For simplicity I used alternating horizontal and vertical lines rather than diagonal. The layer height is 0.4mm so the width is about 0.6mm and so are the gaps. A couple of things that weren't obvious to me at the beginning were: -
The first and last lines of the fill must be adjacent to the outline so that the U turns on the alternate layer above have something to rest on, otherwise they curl upwards or downwards and don't bond to the outer skin. That means adjusting the gaps slightly to make the overall width correct. When the fill is 100% I adjust the filament width slightly to exactly fill the interior. Easy enough with a rectangular object but probably not with an irregular polygon.Here is 33% fill, i.e. the gaps are about twice the filament width: -
The fill lines probably should line up with the those two layers below so that the intersections form a solid column of filament from top to bottom, otherwise some sag may be expected. Again trivial for rectangles but could get tricky to generalise.
This is 25%. Notice how, although the filament is laid down in a perfect square wave, when it shrinks it pulls itself to the first harmonic. A physical low pass filter!
And here is 20%: -
I found that when putting a lid over the top it struggled with an infill this sparse, so I settled on 25% as the limit for making closed boxes.
All the above are done with filament stretched to 0.5mm. When extruding through a 0.5mm orifice, left to its own devices the filament would be about 1mm due to die swell. I decided to try the same pattern with 1mm filament, i.e. with no stretching: -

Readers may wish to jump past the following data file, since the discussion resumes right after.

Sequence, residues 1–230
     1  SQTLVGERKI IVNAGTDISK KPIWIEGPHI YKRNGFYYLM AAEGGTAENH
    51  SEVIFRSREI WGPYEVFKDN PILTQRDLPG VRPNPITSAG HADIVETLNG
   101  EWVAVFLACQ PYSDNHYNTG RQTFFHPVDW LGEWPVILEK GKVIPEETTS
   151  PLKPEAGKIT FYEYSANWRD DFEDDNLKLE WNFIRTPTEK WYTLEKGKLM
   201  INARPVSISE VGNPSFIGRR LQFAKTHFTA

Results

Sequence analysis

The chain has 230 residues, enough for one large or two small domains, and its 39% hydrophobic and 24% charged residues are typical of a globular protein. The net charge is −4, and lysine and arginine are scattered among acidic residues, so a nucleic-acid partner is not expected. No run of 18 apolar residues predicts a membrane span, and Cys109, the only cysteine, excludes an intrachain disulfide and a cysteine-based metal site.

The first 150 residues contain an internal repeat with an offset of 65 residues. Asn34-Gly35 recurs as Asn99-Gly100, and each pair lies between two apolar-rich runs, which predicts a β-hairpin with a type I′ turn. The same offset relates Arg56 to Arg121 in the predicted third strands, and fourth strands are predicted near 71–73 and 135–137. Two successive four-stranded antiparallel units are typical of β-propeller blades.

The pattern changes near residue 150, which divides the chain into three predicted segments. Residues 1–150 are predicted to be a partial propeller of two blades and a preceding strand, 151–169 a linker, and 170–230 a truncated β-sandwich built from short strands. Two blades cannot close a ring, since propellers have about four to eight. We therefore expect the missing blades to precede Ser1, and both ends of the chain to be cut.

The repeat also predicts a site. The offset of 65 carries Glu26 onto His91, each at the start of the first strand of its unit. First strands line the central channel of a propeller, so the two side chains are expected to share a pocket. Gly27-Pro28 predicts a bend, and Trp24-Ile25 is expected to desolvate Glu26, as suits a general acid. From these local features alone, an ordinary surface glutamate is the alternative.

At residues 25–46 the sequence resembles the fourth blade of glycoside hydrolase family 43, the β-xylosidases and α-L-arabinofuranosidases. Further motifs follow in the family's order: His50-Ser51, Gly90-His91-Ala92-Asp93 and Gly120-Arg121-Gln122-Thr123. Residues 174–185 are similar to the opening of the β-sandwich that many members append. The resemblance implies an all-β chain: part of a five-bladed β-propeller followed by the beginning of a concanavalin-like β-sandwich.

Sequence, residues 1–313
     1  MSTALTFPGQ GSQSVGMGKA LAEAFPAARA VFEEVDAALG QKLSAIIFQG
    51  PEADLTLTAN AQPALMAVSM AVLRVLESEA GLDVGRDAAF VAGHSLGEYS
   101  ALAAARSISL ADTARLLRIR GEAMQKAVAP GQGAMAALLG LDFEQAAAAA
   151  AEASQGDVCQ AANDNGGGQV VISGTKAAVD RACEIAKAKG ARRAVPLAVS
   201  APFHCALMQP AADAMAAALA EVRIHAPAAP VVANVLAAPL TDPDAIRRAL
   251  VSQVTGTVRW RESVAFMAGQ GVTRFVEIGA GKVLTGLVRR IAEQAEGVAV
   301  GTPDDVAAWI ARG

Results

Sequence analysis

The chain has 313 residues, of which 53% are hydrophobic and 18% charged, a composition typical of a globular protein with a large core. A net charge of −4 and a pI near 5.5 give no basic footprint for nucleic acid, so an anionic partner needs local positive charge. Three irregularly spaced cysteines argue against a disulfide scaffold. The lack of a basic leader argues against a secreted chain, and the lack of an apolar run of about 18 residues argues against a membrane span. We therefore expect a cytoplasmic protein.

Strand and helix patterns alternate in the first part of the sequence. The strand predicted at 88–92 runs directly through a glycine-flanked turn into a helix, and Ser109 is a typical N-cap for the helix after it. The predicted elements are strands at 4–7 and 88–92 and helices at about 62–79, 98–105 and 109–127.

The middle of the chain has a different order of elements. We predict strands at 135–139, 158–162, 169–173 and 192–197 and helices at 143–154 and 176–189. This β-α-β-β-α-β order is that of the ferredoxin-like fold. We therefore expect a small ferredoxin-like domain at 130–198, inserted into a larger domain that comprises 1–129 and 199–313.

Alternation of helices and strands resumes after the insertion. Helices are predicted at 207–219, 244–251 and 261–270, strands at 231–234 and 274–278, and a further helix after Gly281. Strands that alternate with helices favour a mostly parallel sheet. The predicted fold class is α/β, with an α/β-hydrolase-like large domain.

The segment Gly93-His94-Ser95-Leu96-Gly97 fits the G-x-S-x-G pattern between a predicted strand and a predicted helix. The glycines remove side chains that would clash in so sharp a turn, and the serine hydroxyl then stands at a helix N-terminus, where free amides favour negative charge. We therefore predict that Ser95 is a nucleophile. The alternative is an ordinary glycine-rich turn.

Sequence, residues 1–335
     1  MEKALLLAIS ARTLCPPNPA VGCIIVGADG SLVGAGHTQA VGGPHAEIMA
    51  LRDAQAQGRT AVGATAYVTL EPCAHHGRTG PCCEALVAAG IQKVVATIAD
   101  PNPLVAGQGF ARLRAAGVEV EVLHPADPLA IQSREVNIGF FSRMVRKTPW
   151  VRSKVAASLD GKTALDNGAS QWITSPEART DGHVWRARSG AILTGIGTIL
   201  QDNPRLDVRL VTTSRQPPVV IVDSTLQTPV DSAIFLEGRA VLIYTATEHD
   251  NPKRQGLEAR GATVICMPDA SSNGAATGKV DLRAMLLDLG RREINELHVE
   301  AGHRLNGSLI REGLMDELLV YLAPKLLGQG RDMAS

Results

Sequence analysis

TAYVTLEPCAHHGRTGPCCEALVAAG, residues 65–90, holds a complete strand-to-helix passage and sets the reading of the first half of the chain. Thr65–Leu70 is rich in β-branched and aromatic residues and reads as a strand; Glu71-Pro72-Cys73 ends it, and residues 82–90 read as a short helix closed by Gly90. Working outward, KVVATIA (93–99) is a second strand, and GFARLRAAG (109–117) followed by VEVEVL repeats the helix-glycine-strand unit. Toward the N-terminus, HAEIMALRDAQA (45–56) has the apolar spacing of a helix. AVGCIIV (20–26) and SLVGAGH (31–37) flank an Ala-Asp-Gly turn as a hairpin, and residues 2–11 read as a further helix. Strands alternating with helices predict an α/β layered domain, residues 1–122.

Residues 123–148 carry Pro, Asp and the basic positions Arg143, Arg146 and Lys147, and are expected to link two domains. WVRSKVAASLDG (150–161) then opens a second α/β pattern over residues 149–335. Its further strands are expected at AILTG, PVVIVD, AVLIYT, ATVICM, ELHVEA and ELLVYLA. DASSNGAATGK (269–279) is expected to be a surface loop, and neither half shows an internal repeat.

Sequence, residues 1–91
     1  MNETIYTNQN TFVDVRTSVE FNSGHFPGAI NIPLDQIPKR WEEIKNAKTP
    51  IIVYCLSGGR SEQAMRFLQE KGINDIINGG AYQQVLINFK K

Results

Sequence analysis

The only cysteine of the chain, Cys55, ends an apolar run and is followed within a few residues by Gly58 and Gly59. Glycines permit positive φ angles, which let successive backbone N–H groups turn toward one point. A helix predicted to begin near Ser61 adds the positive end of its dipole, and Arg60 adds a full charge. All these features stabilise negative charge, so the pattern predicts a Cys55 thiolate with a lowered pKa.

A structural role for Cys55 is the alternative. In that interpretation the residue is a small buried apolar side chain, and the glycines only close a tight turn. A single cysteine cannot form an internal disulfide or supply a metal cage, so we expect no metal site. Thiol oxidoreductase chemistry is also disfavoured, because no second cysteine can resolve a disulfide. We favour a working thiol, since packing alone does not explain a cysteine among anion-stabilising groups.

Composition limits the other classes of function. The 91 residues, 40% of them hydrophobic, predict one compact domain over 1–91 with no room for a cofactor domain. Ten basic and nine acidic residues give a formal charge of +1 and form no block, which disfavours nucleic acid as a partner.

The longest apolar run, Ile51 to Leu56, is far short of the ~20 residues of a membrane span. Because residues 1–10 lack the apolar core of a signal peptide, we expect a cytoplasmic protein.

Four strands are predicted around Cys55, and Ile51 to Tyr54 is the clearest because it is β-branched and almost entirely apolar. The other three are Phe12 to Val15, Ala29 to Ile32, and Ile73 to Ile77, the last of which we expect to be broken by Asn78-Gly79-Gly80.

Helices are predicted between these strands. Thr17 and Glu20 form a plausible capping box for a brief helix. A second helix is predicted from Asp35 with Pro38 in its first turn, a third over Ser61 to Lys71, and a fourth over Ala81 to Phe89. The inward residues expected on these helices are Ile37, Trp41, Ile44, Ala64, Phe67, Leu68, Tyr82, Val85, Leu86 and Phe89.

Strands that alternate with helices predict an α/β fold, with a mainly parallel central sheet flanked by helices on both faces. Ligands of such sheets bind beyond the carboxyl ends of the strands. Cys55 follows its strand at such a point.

As you can see the filament holds the square wave better but what is not obvious is that without stretching it sags a bit in the gaps where it is not supported from below. So some stretching is beneficial, when it comes to spanning voids, but it does increase corner cutting.
As I mentioned before, with my old nozzle, I could extrude 0.5mm filament at 16mm/s. This is what happens with the new one which has an exit hole which is too shallow: -
One unfortunate characteristic of FDM is that errors tend to be cumulative. What I mean by that is if, for example, the U turn of the zig zag fails to bond to the outer wall then that causes the next layer to have nothing to rest on, so that fails as well. The defect then propagates all the way up the object. With 100% fill, any errors tend to have less effect on the layers above.
Rather than slow down my experiments I decided to go to 0.75mm filament at 7mm/s until I make a new nozzle. Here is a 50% fill: -
I also added a bit of overlap between the fill and the outline at the u-turns to get a better bond.
So does the infill density affect warping? I made several test blocks and it looks like the answer is not much. However, I have come to realise that the warping takes hours to fully develop after the object is removed from the base so I will leave them overnight before attempting to make measurements.